British hostage in Iraq killed himself: kidnappers
Says hostage was depressed, blames govt for procrastinating
A Shiite militia that has claimed responsibility for the kidnapping of five Britons in Iraq more than a year ago said one of its hostages committed suicide, according to a British newspaper report on Sunday.
Prime Minister Gordon Brown, who paid a surprise visit to British troops in Iraq Saturday, described the reports as "distressing" and called for the hostages' immediate and unconditional release.
A Foreign Office spokeswoman said the ministry had no "independent verification of the claims in this video" and added that she could not comment on its accuracy.
The group calling itself the Shiite Islamic Resistance in Iraq begins a video statement released to The Sunday Times with the photo of a man, identified as Jason, appearing alongside the Arabic text of the statement.
According to the English translation provided by the paper, it claims that the hostages had slipped into depression and made "more than one attempt at suicide."
It goes on to say that Jason committed suicide on May 25, 2008, blaming the "procrastination, and foot-dragging, and lack of seriousness on the part of the British government."
The Sunday Times said the video was handed to one of the newspaper's representatives by an intermediary, who said that proof of the victim's death would only be provided if the British government agreed to negotiate.
The video, entitled "Intihar", Arabic for suicide, called for the release of nine prisoners being held in Basra in return for the freedom of the hostages.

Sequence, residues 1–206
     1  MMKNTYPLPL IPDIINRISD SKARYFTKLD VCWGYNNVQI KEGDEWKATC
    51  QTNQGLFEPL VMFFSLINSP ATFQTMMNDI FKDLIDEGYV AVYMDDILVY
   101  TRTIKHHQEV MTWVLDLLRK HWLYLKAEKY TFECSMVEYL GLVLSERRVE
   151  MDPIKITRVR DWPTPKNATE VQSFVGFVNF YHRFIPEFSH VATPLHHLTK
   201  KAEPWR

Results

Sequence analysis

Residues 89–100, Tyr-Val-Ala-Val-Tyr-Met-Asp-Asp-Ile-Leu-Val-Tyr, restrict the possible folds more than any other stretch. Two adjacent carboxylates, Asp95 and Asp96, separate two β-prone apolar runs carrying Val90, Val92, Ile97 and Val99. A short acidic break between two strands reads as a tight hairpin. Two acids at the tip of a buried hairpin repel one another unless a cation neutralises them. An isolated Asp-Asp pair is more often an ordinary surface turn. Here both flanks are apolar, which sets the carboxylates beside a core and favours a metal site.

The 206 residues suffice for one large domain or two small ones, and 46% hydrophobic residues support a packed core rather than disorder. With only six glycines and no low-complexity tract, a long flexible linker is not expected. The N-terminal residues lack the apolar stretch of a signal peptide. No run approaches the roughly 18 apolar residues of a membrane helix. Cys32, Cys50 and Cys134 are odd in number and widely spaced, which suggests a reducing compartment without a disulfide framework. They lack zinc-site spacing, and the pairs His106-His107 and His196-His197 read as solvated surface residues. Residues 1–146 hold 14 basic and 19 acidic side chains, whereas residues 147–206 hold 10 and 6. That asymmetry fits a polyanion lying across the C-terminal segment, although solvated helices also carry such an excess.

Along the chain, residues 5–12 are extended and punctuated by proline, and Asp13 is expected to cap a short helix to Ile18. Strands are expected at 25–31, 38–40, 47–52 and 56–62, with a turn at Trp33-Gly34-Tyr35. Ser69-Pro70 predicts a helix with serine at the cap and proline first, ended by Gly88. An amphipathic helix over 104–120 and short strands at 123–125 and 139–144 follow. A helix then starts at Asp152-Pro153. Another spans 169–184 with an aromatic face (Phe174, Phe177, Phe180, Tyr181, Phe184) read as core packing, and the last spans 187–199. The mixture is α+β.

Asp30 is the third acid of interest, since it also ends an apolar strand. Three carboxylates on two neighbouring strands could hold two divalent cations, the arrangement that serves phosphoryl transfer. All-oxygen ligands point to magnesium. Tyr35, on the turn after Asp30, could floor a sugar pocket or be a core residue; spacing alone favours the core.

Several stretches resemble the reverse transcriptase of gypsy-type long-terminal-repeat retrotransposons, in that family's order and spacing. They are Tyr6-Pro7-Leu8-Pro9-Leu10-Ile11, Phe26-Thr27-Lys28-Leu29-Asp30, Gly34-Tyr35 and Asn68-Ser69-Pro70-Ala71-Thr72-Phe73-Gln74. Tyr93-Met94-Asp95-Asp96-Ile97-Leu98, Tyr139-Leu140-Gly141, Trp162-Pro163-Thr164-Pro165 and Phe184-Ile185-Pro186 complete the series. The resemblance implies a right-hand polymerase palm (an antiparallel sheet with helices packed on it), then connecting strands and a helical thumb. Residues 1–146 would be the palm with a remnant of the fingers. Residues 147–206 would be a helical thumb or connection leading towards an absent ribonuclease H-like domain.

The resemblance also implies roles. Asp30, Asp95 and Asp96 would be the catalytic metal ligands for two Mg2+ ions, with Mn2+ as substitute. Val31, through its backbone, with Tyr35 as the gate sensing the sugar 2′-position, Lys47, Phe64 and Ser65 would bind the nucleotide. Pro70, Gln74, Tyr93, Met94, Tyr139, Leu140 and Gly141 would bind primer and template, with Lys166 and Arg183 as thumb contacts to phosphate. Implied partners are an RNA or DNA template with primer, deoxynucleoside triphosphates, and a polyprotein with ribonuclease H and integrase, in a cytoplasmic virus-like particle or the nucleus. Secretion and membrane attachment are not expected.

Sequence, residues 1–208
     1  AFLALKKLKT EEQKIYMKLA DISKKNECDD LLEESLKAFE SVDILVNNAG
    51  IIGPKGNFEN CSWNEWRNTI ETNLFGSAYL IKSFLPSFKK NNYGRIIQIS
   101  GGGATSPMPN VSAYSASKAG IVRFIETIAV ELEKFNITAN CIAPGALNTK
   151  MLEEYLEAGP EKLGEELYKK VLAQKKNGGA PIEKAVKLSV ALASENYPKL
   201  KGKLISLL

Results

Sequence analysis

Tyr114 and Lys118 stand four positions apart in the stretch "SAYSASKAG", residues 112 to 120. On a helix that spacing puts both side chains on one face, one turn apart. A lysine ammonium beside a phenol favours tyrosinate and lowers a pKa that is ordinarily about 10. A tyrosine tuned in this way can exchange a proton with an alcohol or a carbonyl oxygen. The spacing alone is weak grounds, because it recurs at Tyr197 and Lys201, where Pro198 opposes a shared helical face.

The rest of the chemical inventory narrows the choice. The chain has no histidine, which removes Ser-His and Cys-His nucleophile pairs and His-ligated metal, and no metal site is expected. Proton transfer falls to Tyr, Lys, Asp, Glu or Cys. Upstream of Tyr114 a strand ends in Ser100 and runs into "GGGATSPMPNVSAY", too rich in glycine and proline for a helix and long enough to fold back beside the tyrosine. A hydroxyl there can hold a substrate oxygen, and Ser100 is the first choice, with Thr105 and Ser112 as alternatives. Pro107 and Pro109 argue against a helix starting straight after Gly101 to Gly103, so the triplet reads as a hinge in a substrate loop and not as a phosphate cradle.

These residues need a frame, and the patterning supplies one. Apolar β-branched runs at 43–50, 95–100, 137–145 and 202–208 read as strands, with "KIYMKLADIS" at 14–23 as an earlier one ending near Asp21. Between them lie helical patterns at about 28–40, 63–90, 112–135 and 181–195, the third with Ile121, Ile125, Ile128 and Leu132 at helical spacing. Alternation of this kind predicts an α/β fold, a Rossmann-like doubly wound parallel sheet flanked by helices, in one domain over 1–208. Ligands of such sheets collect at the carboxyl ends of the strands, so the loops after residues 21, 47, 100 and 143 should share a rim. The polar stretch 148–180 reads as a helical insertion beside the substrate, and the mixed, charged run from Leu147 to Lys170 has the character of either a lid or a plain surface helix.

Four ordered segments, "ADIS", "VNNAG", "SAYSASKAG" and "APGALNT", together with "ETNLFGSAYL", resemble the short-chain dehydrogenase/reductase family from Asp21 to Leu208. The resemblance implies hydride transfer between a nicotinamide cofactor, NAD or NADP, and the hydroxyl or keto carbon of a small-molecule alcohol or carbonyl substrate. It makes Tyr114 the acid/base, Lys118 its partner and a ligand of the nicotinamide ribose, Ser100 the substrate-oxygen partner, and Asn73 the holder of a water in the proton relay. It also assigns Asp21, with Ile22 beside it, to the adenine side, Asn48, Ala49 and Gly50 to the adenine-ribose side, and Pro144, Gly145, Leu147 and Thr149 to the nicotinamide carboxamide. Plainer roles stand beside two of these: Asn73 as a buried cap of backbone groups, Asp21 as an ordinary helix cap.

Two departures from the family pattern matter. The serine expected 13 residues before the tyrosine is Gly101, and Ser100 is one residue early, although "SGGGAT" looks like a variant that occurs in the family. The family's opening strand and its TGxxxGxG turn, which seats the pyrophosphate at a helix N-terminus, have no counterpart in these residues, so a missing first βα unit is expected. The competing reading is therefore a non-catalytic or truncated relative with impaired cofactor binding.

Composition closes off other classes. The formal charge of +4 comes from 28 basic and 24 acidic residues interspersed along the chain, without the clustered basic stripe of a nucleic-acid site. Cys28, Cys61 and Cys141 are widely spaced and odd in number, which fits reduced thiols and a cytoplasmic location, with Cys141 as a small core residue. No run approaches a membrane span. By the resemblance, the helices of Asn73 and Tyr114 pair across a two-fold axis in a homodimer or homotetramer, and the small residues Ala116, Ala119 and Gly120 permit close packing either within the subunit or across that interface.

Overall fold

It then showed video footage of a second man, named by The Sunday Times only as Alan, who said on camera that while he had been treated "very good, to say the least", he was "not doing well" physically and added: "Psychologically, I'm doing a lot worse."
He called on the British government to "please hurry" and "get this resolved as soon as possible."
In a statement released by his Downing Street office, Brown, who is now in Tel Aviv on a tour of Israel and the West Bank, said: "Clearly this is a very distressing development. We are taking this very seriously."
"There are many people working behind the scenes trying to find a solution. I raised the case of these men with (Iraqi) Prime Minister (Nouri al-)Maliki. We both share a desire to see them returned safely to their families. I call on those holding the hostages to release them immediately and unconditionally."
While in Iraq, Brown said London wanted to cut the number of Britain's troops in Iraq but ruled out any "artificial timetable" for their withdrawal.